A new study may add pharmacoresistant epilepsy to the list of comorbidities associated with type 1 diabetes (T1DM). The UK study found that the prevalence of T1DM was twice as high among patients with pharmacoresistant epilepsy compared to the general population. The findings could shed new light on the underlying pathophysiology of these disorders, and have therapeutic implications.
The study is also important because it reports on the largest group of individuals with comorbid epilepsy and T1DM identified to date. Past studies looking at this issue have suffered from failure to differentiate between T1DM and T2DM.
In the study, researchers did a retrospective review of people with pharmacoresistant epilepsy who had been admitted to a tertiary care institution in the UK between January 2001 and January 2011. Researchers defined pharmacoresistant epilepsy as lack of seizure control during the past 12 months, despite trials of at least two different antiepileptic medications. They diagnosed epilepsy using clinical history, EEG, and MRI. T1DM was self-reported.
• The analysis included 2016 people with pharmacoresistant epilepsy, of which 20 had T1DM (point prevalence: 9.9 cases per 100 individuals).
• Estimates of the prevalence of T1DM in the general population range from 3.4-4.4 per 1000.
• In 80% of patients, T1DM preceded the development of epilepsy by a median of 1.5 years.
• Cryptogenic/unknown epilepsy was significantly more likely with T1DM, compared to T2DM or no diabetes (85% vs 35% and 40%, P=0.045).
• All patients with T1DM and epilepsy had focal epilepsy, of which 45% was temporal lobe epilepsy.
The increased prevalence of epilepsy among those with T1DM may have to do with anti-glutamic acid decarboxylase (GAD-A) antibodies, which could be the potential target of new therapies, the authors conjectured.
“A particular association between T1DM and cryptogenic/unknown epilepsy would be in keeping with the proposed pathophysiological link between T1DM and epilepsy, an autoimmune process associated with antibodies to glutamic acid decarboxylase [GAD-A],” wrote first author Mark Keezer of University College, London, UK, and colleagues in Switzerland and The Netherlands.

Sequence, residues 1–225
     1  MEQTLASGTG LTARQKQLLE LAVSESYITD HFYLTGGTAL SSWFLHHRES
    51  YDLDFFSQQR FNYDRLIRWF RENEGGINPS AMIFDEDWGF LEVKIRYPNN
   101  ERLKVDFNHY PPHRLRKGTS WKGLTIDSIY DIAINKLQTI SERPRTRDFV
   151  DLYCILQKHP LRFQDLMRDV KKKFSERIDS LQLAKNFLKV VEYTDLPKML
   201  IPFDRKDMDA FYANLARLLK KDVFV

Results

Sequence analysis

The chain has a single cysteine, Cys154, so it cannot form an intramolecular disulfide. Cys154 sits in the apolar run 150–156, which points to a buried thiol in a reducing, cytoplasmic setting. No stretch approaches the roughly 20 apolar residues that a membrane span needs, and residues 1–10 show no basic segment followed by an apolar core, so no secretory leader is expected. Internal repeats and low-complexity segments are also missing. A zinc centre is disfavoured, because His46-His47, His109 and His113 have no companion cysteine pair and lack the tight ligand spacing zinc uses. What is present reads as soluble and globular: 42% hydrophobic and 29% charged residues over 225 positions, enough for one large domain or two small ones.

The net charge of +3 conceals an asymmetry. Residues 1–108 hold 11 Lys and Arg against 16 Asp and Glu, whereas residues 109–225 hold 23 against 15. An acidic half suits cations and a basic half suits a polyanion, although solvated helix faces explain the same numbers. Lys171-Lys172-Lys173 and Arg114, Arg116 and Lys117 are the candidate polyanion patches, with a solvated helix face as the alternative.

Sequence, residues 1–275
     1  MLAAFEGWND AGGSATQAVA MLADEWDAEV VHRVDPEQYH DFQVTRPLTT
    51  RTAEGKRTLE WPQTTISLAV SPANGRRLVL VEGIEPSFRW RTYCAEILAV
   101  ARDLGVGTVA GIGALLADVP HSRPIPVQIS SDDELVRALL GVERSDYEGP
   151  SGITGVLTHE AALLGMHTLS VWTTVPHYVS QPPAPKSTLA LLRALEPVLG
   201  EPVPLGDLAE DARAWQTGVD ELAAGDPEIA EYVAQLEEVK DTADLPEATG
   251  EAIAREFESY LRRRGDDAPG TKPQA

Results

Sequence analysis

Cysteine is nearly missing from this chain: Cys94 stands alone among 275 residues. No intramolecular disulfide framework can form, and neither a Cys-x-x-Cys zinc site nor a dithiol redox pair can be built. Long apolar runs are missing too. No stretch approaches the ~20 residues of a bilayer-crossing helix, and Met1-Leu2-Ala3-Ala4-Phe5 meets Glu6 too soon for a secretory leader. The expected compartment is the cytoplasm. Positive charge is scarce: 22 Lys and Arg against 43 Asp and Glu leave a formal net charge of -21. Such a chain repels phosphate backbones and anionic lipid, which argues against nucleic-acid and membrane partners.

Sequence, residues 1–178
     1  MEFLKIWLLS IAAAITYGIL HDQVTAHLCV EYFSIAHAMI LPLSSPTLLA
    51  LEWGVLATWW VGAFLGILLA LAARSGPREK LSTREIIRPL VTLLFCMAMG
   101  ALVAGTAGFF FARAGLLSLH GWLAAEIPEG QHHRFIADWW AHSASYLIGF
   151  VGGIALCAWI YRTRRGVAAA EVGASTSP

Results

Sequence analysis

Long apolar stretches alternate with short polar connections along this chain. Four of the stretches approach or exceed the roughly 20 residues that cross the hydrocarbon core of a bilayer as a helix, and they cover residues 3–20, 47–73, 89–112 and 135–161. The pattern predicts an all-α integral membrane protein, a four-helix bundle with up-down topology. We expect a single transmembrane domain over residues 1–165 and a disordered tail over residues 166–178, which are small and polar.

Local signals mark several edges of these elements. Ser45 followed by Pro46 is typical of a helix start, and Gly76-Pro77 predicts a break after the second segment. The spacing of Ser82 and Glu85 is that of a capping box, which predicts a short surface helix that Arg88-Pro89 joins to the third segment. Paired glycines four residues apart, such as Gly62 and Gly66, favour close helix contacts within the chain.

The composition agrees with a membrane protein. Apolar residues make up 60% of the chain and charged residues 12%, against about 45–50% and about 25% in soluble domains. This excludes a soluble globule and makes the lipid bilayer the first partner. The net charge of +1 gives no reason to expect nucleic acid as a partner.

About 80% of people with T1DM have GAD-A, which may also be elevated in about 6% of people with epilepsy, according to background information in the article. Past studies have suggested that GAD-A may be more common in people with temporal lobe and pharmacoresistant focal epilepsy than generalized epilepsy. High GAD-A serum levels have also been linked to more severe epilepsy.
Potential therapeutic implications could include immunosuppressive therapy and antiepileptic drugs directed towards GABA, which may be more effective in patients with GAD-A, according to the authors.
“The prevalence of T1DM appears to be increased in people with pharmacoresistant epilepsy and is associated with cryptogenic/unknown epilepsy,” the authors concluded, “…Our findings may have pathophysiological as well as therapeutic implications, especially in the context of previous evidence regarding GAD-A.”
Take Home Points
• A retrospective cohort study in the UK found that the prevalence of pharmacoresistant epilepsy is two times higher among patients with T1DM compared to estimates for the general population.
• In 80% of patients, T1DM preceded the development of epilepsy, and the vast majority had cryptogenic/unknown epilepsy.
• Many people with T1DM have anti-glutamic acid decarboxylase antibodies (GAD-A), which are also found in people with epilepsy.
• GAD-A may be involved in the underlying pathophysiology of T1DM and epilepsy, which could have therapeutic implications.
Reference: Keezer MR, et al. Type 1 diabetes mellitus in people with pharmacoresistant epilepsy: Prevalence and clinical characteristics. Epilepsy Res. 2015 Sep;115:55-57.